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Title: Contemporary politics in rural Chiapas: an ethnographic approach to power
Author: Escalona Victoria, Jose Luis
Awarding Body: University of Manchester
Current Institution: University of Manchester
Date of Award: 2003
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The present work examines local receptions of wider political changes in contemporary rural Chiapas, Mexico. The southeastern-most area of Chiapas experienced radical social transformations in the last century. The long-established finca regime -a particular form of seigniorial organization based on large states and a serf debt work regime - was displaced by the formation of peasant settlements under the post-revolutionary land-tenure regime called ejido. In the second part of the twentieth century, the peasant population increased in numbers and occupied new areas for milpa cultivation, cattle-rising, and coffee production. At the same time, many religious and political institutions influenced local life and produced a new population who became involved in professional training and seasonal work, as well as members of peasant and teacher unions, Catholic and non-Catholic churches, and institutional or insurgent organizations, such as the Zapatista guerrilla. I conducted my fieldwork in a Maya Tojolabal rural settlement, located in this area, which experienced processes of social differentiation and political fragmentation. I analyzed the local interpretations related to the people's participation in modern politics, which are strongly influenced by local understandings of power, and people's strategies of livelihood, rather than the logics of wider ideological and political confrontations. Local interpretations of politics led to pre-established languages of power that entailed social categories of gender, kinship, age, and force, as well as particular understandings of personhood and sociality. I analyzed how these elements influence people's historical memories, their militancy in unions, political parties, and insurgent mobilizations, and their participation in land occupations, mobilizations against authorities, and electoral processes. Finally, I show how an ethnographic approach to power represents an opportunity to question political arguments as constructs steaming from symbolic work, by means of focusing on contradictory power relations and their dynamics. This kind of critique can make a relevant contribution to the construction of a language for enlightening and facing the ways in which power actually works.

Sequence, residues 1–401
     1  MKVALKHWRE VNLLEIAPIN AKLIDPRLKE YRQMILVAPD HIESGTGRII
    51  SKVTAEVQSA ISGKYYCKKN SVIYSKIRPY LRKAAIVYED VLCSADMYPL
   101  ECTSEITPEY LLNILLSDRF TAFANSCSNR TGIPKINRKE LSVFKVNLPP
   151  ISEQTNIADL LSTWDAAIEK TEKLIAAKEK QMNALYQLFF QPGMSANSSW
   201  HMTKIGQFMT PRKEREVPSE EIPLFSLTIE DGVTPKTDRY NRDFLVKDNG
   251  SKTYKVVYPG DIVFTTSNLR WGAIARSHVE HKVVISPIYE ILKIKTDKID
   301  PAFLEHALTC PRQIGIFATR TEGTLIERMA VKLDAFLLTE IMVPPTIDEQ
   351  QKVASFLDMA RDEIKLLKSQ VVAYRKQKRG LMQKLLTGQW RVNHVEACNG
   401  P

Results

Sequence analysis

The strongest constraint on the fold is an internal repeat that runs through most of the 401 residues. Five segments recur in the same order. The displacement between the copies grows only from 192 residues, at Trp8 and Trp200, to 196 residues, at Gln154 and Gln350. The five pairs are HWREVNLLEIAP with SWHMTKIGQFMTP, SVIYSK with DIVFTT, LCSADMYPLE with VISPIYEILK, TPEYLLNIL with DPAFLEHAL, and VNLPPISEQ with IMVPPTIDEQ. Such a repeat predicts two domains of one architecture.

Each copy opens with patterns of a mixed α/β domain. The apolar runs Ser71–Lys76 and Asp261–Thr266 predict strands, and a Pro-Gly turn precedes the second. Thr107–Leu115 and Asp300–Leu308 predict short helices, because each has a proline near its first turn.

Supervisor: Not available Sponsor: Not available
Qualification Name: Thesis (Ph.D.) Qualification Level: Doctoral
EThOS ID:  DOI: Not available